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Qwert shmarble
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  • item 10lb
  • pack 20lb
  • Lead time 2 days Sales Rank: #4,603 in Everything Else
Item Weight: 10.00 pounds.
Shipping Weight: 20.00 pounds.
ASIN: B00009KJB2
Date first available at Nebazon: January 3, 2003
Average Customer Review: 4.0 out of 5 stars Based on 15 reviews. Write a review.
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Product Description
Item 10LB Pack 20LB

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71 of 75 people found the following review helpful:

5 out of 5 stars Out of stock!!!!, October 13, 2003
Reviewer:   "sculp7ur3" (Tucson, AZ) - See all my reviews
I kinna belieeeve I have traveled so far to locate Qwert Shmarble only to discover that it is no longer stocked!!!! Ye gods! It has been nigh on forty years looking for such a scrubious balm, only to discover one imporster or another. Qwert Shmarble is easily spoken of, but difficult to pin down. Users of the anti-posticulate, such as those skintoxic exoskeletons like Qwert Bingle and Dvora Lingus would easily mistake Qwert Shmarble for its distant pseudo-phylum Qwert Shmarball, which itself is less of an ingredient for cellulo-phygistic axiomatic spasm collapse than an auto-generated spam of the ronditorily common banal tongue. But they are to be forgiven, for they know not of whence they spake.

Put another sharmph on the Bobby and high-heel your tails to the land of ron-don-fondle.

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36 of 36 people found the following review helpful:

5 out of 5 stars A Brief History of the Qwert Game Company, June 8, 2004
Reviewer:   Karl Mamer (Kirkland, WA USA) - See all my reviews
A lot has been said about the Qwert shmarble already but allow me to bring consumers up to speed on the phenomenon that is, or was, the Qwert Game Company, so they might make a more educated purchasing decision.

It's been a bit more than a quarter century since an obscure Romanian theoretical physicist named Cvbnasd Qwert, working behind the communist Iron Curtain, took the West by storm by turning his research into the 4th dimension into a children's puzzle called the Qwert Tesseract. For those born in the 1990s, who know no other world than the mighty free market, let me bring you up to speed. Communism was an evil system of government. Communists stole elections, invaded small nations with a massive unstoppable war machine, wantonly imprisoned and tortured dissidents, and made broadcast media subordinate to the whim of unelected officials. Thankfully we live in a much different world. We are free and we have never been at war with EastAsia.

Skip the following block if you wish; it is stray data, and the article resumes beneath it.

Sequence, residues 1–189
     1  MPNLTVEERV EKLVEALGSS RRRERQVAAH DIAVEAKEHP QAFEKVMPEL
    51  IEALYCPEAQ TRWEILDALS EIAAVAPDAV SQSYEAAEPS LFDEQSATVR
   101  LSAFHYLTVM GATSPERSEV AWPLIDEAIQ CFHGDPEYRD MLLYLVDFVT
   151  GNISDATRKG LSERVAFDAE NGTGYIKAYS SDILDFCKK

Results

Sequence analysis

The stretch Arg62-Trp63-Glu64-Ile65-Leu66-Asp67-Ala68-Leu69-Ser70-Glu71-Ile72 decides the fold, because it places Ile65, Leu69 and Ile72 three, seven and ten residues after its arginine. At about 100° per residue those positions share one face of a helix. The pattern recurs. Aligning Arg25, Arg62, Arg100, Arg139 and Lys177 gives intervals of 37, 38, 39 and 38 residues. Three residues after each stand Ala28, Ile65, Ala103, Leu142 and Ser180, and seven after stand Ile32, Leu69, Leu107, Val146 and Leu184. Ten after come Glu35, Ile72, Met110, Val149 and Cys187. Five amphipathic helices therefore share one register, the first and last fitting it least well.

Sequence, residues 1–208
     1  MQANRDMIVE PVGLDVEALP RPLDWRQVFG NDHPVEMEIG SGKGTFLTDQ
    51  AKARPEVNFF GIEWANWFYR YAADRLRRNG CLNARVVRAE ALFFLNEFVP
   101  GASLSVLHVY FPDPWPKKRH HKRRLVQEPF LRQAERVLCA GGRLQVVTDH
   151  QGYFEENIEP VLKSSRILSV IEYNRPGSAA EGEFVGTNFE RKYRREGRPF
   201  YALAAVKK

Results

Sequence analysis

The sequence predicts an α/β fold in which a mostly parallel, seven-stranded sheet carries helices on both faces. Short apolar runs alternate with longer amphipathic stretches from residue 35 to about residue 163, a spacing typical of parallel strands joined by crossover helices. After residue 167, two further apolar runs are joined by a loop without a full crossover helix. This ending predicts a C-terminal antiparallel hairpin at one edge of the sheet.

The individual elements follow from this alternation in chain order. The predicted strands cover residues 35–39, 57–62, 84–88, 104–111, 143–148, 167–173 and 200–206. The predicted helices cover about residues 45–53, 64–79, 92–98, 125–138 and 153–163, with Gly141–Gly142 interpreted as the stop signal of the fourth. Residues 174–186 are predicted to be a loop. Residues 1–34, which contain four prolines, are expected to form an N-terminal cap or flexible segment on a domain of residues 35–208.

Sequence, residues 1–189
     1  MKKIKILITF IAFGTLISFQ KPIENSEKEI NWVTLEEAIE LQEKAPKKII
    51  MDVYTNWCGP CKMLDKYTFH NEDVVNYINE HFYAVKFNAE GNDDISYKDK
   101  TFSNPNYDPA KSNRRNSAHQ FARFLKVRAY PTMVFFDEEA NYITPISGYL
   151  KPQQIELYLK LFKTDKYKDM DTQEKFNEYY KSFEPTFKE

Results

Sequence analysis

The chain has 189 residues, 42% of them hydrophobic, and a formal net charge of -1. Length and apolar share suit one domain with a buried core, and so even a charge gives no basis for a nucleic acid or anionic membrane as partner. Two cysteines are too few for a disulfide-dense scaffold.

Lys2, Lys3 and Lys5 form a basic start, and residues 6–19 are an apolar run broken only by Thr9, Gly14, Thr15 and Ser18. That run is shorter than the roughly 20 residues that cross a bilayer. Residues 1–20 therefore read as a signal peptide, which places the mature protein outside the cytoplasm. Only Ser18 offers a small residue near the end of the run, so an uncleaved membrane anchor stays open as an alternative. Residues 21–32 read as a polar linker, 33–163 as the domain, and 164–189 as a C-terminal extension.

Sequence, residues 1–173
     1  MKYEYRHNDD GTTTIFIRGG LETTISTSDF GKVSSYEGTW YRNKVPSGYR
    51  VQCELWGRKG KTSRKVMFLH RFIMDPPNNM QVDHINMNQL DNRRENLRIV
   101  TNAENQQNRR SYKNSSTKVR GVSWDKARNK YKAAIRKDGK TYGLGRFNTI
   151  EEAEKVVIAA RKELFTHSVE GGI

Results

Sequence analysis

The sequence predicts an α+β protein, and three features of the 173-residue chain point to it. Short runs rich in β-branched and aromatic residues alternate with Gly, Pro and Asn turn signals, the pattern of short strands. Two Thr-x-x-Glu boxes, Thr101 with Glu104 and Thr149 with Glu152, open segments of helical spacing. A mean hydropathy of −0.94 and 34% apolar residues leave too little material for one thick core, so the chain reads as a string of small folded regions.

And for those who were born in the 1990s and cannot believe generations of children before might have actually had fulfilling childhoods despite being forced to play with 8-bit game machines, or worse, their hands and their imagination, the excitement and trepidation caused by the Qwert Tesseract might escape the Sony Playstation crowd. The Qwert Tesseract was a devilishly clever colorful hypercube puzzle that had many in the West wondering "If every Eastern European and Soviet kid over the age of 4 can solve a hyper-dimensional puzzle and read the Brothers Karamazov in its original Russian, what chance do we have against the Soviet bloc in the 1984 LA Olympic Games? They'll out think us and out play us! Why only a miracle could save our national pride. A miracle, I tells you!"

It's not an exaggeration to say that the Qwert Tesseract was a Sputnik-level event, a wake up call to the toy industry to start creating toys that challenged developing minds. The West responded with Hungry Hungry Hippo. In spite of itself, Western culture endured and eventually triumphed over communism.

The goal of the Qwert Tesseract was to mix up the hypercube's colorful surface and then make the sides the same color again. While that sounds simple enough, the hypercube's inherent and elusive fourth dimensional properties made it hard to accomplish the goal without opening a pan-dimensional rift and disrupting the time line. More children were lost this way (that is, going back and killing their own fathers before they were born) than the rash of out of control fires that devoured many a West Coast suburb during the late '90s because kids lacked proper parental supervision when they played with their Totter Tyke Methlab.

Cvbnasd Qwert quickly became a media celebrity in the West. Massive royalty payments made him the richest man in Eastern Europe until he mysteriously vanished. As unearthed post-Cold War documents eventually revealed, when communist officials realized Qwert was earning more than his official state-paid professor's salary of 10 rubles a month, Qwert was arrested and shipped off to a gulag. Not to make this product review a pro-democracy screed (although I believe provisions of the Patriot Act legally oblige me to make any online message board posting an affirmation of democratic principles), it's important to point out that that was the way they did things behind the Iron Curtain. In the West the vastly rich are typically allowed to enjoy their fame and riches for at least half a decade before we jail them.

Documents also revealed that Qwert, depressed by his imprisonment in Siberia, succumbed to injuries after a suicide attempt. Qwert repeatedly threw himself down a fight of stairs at a police station until he slipped into unconsciousness and death.